Deadline Extension: Cinephile 16.1 "Constant/Change"

deadline for submissions: 
October 23, 2021
full name / name of organization: 
The University of British Columbia
contact email: 

Cinephile 16.1 — Constant/Change


The past year has been a time of unprecedented change, but it has also led to important engagements with some long-standing ideological lived material practices. The film industry is no exception to these considerations, as media production, consumption, and criticism are constantly redefined by the evolving political, economic, social, industrial, and technological contexts in which they inhere. Some key historical shifts include, but are evidently not limited to, the advent of sound, colourized film, censorship, the Red Scare, feminist and civil rights movements, television, the multiplex, and the rise of the Internet. Some very recent radical changes include the COVID-19 pandemic and its temporary worldwide disruption of film production, distribution, and exhibition (as well as some of the unique opportunities that the pandemic presented to many independent producers and artists); global movements for social justice, which have uniquely highlighted the relationship between film production and the communities with which filmmakers engage; the meteoric rise of streaming services and social media platforms; global pop culture powers like South Korea, Japan, and Mexico increasingly influencing mainstream Western culture; and the unique existential threat of climate change, which will impact the creation of media in ways yet to be seen. With a focus on change, this issue of Cinephile hopes to interrogate the link between social and industrial development.


However, while it is tempting to focus exclusively on these crucial changes and shifts, film and media practices are also shaped by myriad long-standing ‘constants’ that inform their artistic, technological, and industrial components. These include studio systems, the ‘standardization’ of film form and language, the stylistic supremacy of Hollywood classical style, ongoing formal challenges posed by global New Wave cinemas, the technological obsession with creating ever-more faithful and perfect replications of reality, mainstream cinema’s elision of marginalized communities and experiences, and even the persistence of the the medium itself, despite innumerable predictions forecasting the ‘death of cinema’. While the COVID-19 pandemic prompted a major disruption to media production and distribution, the ensuing lockdown and social distancing measures also created a unique sort of stasis wherein many groups found themselves unsure of how to proceed on both the practical and philosophical levels of filmmaking. The Wall Street Journal reported that worldwide online video streaming subscriptions reached 1.1 billion while movie theatre revenues dropped by $30 billion, revealing how the pandemic exacerbated a pre-existing tension between the two exhibition models. The tension between theatrical and online exhibition practices functions not only on the level of varying economic concerns between studios and artists, but also fundamentally impacts the nature of cinema as a shared experience.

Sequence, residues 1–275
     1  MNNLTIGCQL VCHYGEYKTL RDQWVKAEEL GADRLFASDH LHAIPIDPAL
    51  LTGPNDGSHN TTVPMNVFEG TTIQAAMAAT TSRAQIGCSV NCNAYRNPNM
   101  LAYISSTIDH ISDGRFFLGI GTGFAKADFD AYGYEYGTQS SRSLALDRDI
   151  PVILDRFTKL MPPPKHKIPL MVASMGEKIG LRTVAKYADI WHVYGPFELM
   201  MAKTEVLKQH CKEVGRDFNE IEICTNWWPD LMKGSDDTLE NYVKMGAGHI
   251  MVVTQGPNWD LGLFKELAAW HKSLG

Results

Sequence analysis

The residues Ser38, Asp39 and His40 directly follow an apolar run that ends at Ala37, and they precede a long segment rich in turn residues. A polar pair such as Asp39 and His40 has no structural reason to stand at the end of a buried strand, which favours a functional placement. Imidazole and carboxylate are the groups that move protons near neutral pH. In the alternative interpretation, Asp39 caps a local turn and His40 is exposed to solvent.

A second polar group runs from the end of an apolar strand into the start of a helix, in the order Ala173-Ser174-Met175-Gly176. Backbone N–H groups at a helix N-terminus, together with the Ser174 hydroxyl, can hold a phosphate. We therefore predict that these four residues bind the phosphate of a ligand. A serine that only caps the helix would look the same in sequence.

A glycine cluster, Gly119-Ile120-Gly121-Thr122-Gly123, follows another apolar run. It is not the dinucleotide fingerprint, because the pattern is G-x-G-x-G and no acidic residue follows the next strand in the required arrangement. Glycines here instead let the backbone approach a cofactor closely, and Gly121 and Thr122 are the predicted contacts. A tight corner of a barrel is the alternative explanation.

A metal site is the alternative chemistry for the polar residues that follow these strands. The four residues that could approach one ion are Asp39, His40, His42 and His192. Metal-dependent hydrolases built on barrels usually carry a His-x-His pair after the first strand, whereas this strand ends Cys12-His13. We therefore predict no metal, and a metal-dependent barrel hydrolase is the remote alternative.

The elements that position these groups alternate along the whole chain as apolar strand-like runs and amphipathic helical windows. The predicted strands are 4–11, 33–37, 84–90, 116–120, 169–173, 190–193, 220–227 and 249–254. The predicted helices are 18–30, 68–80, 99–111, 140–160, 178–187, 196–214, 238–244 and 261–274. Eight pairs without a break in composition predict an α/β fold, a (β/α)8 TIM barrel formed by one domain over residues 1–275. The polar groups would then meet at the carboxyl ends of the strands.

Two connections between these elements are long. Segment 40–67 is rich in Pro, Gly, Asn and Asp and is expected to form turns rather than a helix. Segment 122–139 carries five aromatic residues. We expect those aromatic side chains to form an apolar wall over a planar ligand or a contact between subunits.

This issue of Cinephile welcomes submissions that consider how new technologies, practices, and social, political, and economic contexts inform media production, scholarship, and consumption - as well as works that can account for the aforementioned and other constants in media practices. Our aim is to account for longstanding constants in a medium so heavily defined by key changes and innovations, while simultaneously exploring how these seemingly fixed constants shift and evolve as they absorb new changes.


Possible topics may include (but are not limited to) the following:

  • The influence of technological development on film form

  • Changing approaches to race, gender, sexuality, and disability in film production and scholarship

  • Encounters between classical and experimental cinematic forms

  • The stability of classical and experimental forms across various eras of film history 

  • The impact of COVID-19 on film production, including production stoppages, new safety protocols, and “pandemic productions”

  • Non-theatrical distribution models including streaming services and pay-per-view releases. 

  • The evolution of home entertainment 

  • Globalization and media

  • The proliferation of short, online video content via TikTok, Quibi, Snapchat, etc

  • Film production and climate change


We encourage submissions from graduate students, postdoctoral researchers, and established scholars. Papers should be between 2,000-3,500 words, follow MLA guidelines, and include a detailed works cited page, as well as a short biography of the author. Submissions should be directed toward SUBMISSIONS@CINEPHILE.CA and general inquiries toward INFO@CINEPHILE.CA.

Submissions are due by October 23rd, 2021.